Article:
The widow of Arun Kumar wept as the verdicts were delivered today in the trial of the two boys accused of a fatal dairy robbery that left her husband dead. A 14-year-old was found guilty of the manslaughter of the Auckland dairy owner and a 13-year-old was found not guilty.
Mr Kumar, 57, died after being stabbed in his Henderson shop in June 2014. His son, Shivneel Kumar, read a statement outside court after the verdict, with his mother by his side.
He said the family was "extremely disappointed" at today's verdict.
"We were told that it is New Zealand law that if you commit an armed robbery and someone is killed, you are guilty of murder. We were wrong," he said.
"For the past four weeks, we have re-lived the worst day of our lives, we have found the court process very stressful and have had numerous sleepless nights as a result.
"Every day, we sat in court as a family and listened to the horrific details and excuses - at times it felt as if we were the offenders... We endured countless re-runs of our dad's last moments."
The jury deciding the case returned its verdict about 12.30pm at the High Court in Auckland.
The teenage boys have had name suppression continued until a court hearing about the issue next month.
Their families were in court as the verdict was announced.
Justice Lang had asked those in the public gallery to remain calm and respect the jurors' verdict.
The jurors retired at 12.15 yesterday. This morning they asked to watch the footage captured by the dairy's security camera again.
As the clip was played, Mrs Kumar could be heard sobbing in the back of court.
Mr Kumar's son, Shivneel Kumar, said they did not want another family to ever experience the loss they had suffered, and hoped that lessons would be learned from Mr Kumar's death.
"We are now living in a society where the kids are on drugs, roaming in our streets with weapons at the ready. It should never have come to this," he said.
"My dad's death should not go in vain."
Court repeatedly shown footage
During his summing up to the court last week, Crown prosecutor Kieran Raftery took the jurors through the security footage, which he said showed that the stabbing was not self-defence.
It shows Mr Kumar initially asking his wife to bring him the phone in order to call the police.
But, before she could give it to him, the 14-year-old knocked it from her hand and pulled out a knife.
Mrs Kumar ran out of the shop to raise the alarm while Mr Kumar retreated behind the counter. But the boy followed.
Mr Kumar initially picked up a box of straws and then put them down. When the boy was almost on him, Mr Kumar pulled out from under the counter a hollow metal pole - similar to a short length of vacuum cleaner pole.
By the time Mr Kumar had the pole, the boy was close enough to grab it.
Mr Raftery said the 14-year-old then stabbed Mr Kumar, landing a blow in his abdomen and then his shoulder.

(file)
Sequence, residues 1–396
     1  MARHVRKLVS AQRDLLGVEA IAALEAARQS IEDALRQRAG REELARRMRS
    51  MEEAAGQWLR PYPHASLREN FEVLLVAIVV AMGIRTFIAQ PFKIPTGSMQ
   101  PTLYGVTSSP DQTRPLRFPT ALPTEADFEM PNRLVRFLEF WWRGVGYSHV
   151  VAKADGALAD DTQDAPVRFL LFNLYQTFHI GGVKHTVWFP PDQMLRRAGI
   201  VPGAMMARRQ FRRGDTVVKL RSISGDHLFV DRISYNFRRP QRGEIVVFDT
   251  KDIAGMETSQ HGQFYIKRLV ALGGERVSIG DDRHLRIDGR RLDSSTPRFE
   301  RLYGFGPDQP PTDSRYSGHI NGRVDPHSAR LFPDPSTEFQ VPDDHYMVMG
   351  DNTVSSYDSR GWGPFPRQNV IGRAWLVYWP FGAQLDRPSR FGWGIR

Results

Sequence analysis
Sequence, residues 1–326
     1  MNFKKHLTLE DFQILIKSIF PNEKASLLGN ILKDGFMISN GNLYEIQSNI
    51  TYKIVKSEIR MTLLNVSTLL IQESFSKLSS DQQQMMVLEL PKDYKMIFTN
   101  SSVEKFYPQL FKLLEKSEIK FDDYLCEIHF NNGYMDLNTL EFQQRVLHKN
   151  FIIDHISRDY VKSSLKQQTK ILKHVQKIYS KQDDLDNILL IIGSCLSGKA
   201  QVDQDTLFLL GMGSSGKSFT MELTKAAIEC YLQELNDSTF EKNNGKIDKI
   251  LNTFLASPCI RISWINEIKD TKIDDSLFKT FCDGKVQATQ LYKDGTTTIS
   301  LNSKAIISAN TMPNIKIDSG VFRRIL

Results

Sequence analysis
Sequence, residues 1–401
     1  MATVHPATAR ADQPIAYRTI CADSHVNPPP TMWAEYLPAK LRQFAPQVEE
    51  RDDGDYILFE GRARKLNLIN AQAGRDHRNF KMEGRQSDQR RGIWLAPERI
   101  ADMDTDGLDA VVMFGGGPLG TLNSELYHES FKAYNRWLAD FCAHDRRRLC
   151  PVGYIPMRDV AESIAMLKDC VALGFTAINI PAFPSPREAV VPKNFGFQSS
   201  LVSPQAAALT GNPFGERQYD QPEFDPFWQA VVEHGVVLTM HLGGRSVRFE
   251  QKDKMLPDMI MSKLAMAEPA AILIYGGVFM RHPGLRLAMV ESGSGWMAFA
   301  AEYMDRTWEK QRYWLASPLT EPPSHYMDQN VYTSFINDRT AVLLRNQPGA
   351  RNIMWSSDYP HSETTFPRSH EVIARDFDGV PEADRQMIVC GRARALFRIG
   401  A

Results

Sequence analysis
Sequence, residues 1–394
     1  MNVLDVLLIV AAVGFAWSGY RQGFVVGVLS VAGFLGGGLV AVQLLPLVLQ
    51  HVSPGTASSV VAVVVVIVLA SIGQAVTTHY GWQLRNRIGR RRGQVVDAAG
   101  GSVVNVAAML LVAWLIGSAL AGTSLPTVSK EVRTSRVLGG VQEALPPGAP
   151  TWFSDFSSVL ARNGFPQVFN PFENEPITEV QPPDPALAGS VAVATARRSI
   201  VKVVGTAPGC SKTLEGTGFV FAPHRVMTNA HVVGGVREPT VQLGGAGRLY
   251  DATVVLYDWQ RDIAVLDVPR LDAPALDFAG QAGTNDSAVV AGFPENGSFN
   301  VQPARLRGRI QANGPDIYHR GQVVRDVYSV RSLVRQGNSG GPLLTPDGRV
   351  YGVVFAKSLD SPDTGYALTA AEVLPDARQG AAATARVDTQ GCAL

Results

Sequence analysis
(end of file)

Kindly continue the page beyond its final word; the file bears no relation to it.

The third and final wound struck Mr Kumar in the neck. There was a fourth lunge but Mr Kumar was able to push the boy away and the teen ran from the dairy.
Mr Raftery said he understood the defence would say it was the boy who was defending himself against Mr Kumar - an idea he strongly rejected.
He said the way the boy went after Mr Kumar behind the counter was not a defensive action and it was Mr Kumar who was the victim from start to finish.
He also said that the 13-year-old facing the charge of manslaughter did not run away from the dairy until after Mrs Kumar wrestled the metal pole from him.
Earlier in the week, the court heard from the 13-year-old's lawyer, David Niven, who said the boys had only planned to break into the local shoe shop - not to hurt anyone.
He also played the footage captured on the dairy's security cameras, and pointed out that as soon as the 14-year-old pulled out his knife, his client backed out of the doorway.
Mr Niven said his client never used his weapon and could not have anticipated what the other boy would do. He also said his client ran before the other boy fatally stabbed Mr Kumar.
Mr Niven also spoke of his client's brain damage, due to his mother drinking while she was pregnant. He said the boy had a low IQ and couldn't even name all the months of the year.
Critical period lasted just six seconds
The 14-year-old's lawyer, Maria Pecotic, also spoke of her client's background.
At the time of the stabbing, the boy was living in his mother's home where drugs were being sold and he had developed an addiction to synthetic cannabis.
Ms Pecotic reminded the jurors that her client had suffered a severe brain injury when he was hit by a car on a pedestrian crossing, causing a fracture to his skull.
She summed up the evidence from a neuropsychologist who found the brain injury made the boy impulsive when he was faced with complex situations.
She said the dairy was one of those situations.
Ms Pecotic said there was very little time for the boys to come up with a plan. She said, once inside, the critical period of the incident lasted just six seconds and, in that time, Mr Kumar armed himself with a steel pole and her client responded by stabbing him three times.
Ms Pecotic said, when the stabbing happened, her client was walking backwards and, shortly before he made the fatal lunge, Mr Kumar had grabbed at the boy's neck and upper torso area.